Supreme Court judgment marks an important turn in the debate on language education policy.
In 1876, Ramabai, 18, set off on a long and arduous journey from south India to Bengal and the north to become a scholar. Trained in Sanskrit scriptures, philosophy and languages early on, Ramabai would soon be conferred the title “Pandita”, speak seven languages and go on to write engaging scholarly books in Marathi and English. Travels between different languages and knowledge systems were central to Ramabai’s educational experience and her work.
Language continued to occupy centrestage in the story of India’s formal education as well and its steady expansion over the course of the last century. Despite the tradition of plurilingual pedagogic practices and an outpouring of research on the importance of home-language(s) in education, the place of language remains contested and forever unresolved. Given that considerations of employability, higher educational opportunities and regional pride increasingly govern the perceptions of language in education, no policy decision can confine itself to educational ideals alone.
In this context, the judgment by a constitutional bench of the Supreme Court (dated May 7) offers a significant turn in a series of long-standing dilemmas on language education policy. Responding to the government order on the medium of instruction in 1989 that eventually became the language policy in Karnataka in 1994, the bench considered the following questions: (a) Who is the rightful authority to decide the medium of instruction for students? (b) What does “mother tongue”mean and who is the rightful authority to decide what can be called mother tongue in a particular context? (c) Can education in one’s mother tongue be imposed? (d) Is the right to choose implicit in the right to education? Discussions of each of these questions were framed within the scope of three articles in the Constitution: Article 350A, which calls for the state and local authorities to ensure adequate facilities for instruction in the mother tongue to children from linguistic minority communities; Article 19, which is entitled “right to freedom”, including freedom of speech and expression, freedom to form unions, move and practice a profession; and Article 21A, which resolves that the state shall provide free and compulsory education to all children of the age 6 to14.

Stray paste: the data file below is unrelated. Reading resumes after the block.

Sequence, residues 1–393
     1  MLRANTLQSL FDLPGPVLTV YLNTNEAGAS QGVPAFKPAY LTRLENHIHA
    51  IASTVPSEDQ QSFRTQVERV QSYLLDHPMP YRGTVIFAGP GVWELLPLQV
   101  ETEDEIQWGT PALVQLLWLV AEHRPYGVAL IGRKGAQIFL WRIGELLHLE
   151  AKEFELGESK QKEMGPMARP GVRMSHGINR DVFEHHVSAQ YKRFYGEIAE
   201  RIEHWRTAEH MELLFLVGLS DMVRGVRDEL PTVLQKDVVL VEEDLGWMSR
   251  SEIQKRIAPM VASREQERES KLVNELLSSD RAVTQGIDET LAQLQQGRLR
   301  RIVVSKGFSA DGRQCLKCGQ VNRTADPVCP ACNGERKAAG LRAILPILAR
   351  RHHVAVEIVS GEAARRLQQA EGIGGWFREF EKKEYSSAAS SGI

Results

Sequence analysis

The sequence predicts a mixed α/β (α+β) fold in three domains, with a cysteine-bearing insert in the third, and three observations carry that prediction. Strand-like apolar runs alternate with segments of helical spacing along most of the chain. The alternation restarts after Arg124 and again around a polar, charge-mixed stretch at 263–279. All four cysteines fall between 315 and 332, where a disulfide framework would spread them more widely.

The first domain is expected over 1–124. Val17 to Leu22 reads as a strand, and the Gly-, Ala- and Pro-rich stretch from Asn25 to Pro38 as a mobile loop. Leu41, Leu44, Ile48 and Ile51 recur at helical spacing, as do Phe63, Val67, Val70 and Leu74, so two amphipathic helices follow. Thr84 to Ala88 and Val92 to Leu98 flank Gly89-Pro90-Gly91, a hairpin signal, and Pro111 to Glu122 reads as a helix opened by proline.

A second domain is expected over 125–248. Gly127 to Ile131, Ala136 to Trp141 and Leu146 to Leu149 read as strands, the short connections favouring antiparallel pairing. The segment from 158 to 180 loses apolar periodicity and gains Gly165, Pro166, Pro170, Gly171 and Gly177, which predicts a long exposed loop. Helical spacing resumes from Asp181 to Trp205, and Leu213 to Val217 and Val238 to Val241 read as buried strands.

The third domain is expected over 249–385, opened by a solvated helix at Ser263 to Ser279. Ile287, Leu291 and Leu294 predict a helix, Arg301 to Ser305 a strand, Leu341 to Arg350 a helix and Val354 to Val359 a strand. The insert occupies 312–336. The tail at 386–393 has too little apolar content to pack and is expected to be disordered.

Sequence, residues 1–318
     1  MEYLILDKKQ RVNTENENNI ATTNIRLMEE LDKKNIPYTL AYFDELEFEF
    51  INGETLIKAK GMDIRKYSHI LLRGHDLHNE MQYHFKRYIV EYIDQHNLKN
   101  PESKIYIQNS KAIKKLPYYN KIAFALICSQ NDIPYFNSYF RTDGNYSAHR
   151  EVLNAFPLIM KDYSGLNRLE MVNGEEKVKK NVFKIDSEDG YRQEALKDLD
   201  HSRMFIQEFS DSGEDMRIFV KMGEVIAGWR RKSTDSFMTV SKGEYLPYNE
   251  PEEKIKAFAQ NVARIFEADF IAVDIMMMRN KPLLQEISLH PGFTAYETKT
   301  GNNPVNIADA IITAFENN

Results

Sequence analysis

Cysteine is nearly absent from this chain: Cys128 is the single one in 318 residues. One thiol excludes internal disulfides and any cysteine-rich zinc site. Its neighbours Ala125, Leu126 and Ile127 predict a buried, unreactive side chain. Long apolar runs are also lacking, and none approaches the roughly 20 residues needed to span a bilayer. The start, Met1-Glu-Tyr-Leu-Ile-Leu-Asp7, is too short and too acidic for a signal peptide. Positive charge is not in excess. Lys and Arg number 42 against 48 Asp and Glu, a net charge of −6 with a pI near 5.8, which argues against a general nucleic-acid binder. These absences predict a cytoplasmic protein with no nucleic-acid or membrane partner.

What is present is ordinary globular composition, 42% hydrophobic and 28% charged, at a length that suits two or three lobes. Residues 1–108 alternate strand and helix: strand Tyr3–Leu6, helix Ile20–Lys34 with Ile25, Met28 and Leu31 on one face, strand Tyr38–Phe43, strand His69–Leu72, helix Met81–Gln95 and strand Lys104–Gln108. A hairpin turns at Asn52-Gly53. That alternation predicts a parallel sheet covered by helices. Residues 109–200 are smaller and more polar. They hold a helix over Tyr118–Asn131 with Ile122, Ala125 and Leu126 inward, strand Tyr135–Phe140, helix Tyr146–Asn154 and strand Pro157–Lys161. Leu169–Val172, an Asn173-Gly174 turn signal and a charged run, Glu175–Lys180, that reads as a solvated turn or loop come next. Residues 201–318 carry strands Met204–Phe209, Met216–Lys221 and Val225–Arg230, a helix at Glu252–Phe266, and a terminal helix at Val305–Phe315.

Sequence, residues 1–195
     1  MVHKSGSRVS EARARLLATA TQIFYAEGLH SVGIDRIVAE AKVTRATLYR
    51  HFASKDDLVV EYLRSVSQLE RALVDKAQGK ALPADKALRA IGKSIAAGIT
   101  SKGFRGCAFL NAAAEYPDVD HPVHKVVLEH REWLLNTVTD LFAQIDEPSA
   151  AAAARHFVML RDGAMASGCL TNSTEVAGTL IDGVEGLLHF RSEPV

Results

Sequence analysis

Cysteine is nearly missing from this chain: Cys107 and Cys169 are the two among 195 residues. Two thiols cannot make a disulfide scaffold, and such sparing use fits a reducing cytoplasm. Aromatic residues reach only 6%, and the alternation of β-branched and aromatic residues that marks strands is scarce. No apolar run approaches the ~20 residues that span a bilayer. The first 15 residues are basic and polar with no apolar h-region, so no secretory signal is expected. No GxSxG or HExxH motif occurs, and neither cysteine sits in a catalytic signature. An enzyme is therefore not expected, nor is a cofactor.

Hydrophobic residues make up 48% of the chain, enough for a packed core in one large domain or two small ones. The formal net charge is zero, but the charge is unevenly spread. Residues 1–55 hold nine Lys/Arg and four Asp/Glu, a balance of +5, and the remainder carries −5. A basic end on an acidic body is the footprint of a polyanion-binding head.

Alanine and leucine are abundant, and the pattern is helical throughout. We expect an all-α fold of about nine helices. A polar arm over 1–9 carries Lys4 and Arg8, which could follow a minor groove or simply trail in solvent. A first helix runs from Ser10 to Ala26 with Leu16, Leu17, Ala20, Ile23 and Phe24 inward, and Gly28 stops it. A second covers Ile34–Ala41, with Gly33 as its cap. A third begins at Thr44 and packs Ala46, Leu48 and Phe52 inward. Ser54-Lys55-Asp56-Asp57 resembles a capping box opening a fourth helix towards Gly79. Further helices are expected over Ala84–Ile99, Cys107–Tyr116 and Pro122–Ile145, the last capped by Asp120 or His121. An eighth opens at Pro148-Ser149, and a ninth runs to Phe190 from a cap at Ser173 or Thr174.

Thinking through the questions of medium of instruction in light of the constitutional scheme, the judgment involves four important points. Adhering to a rather narrow interpretation of the term “mother tongue” the judgment holds that in the context of the Constitution, mother tongue would mean “the language of the linguistic minority in a state” and it would be the child or the parents who will have decisive power to declare their language as the mother tongue. Second, the bench also holds that “the child, or, on his [sic] behalf, his parent or guardian, has a right to freedom of choice with regard to the medium of instruction in which he would like to be educated at the primary stage in school.” Considering a liberal interpretation of the terms “freedom of expression’’ the judgment holds that the right to freedom of speech includes the freedom of a child to be educated in a language of “the choice of the child”. Finally, the judgment holds that the state cannot impose mother tongue as a medium of instruction.
The verdict privileges Article 19 over others and foregrounds individual liberty and choice as primary drivers of access to education. The judgment does not engage with issues of pedagogy, educational philosophy and instructional practices. Research on right to education has maintained that familiarity with school language is crucial in enrolments and progress in early years and while the verdict does not counter this position, it seeks to enable an element of choice in education. In the same line, the judgment suggests a shift in the state’s role as loco parentis and goes on to re-order the power of authority in education.
The distributive authority in determining educational access and content is positioned alongside the arguments of freedom, individual liberty, choice and lesser involvement of the state. This narrative, while in contrast with much that stands for right to education, is closely connected to the dramatic growth in private schooling and the manufacturing of English as a “cure all”. The current judgment will not affect Kannada as a subject in class I to IV but its broad orientation does signal a turn.
The writer is a member, faculty in education programme, at the National Institute of Advanced Studies, Bangalore
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